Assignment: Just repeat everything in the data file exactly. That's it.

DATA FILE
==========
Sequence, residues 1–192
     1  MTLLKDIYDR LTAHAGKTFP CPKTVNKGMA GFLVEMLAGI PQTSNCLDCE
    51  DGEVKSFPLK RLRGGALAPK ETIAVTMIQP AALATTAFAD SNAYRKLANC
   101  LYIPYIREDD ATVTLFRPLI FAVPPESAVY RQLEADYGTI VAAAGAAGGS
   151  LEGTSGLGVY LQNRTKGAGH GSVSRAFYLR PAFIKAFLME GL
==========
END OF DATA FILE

Sequence, residues 1–192
     1  MTLLKDIYDR LTAHAGKTFP CPKTVNKGMA GFLVEMLAGI PQTSNCLDCE
    51  DGEVKSFPLK RLRGGALAPK ETIAVTMIQP AALATTAFAD SNAYRKLANC
   101  LYIPYIREDD ATVTLFRPLI FAVPPESAVY RQLEADYGTI VAAAGAAGGS
   151  LEGTSGLGVY LQNRTKGAGH GSVSRAFYLR PAFIKAFLME GL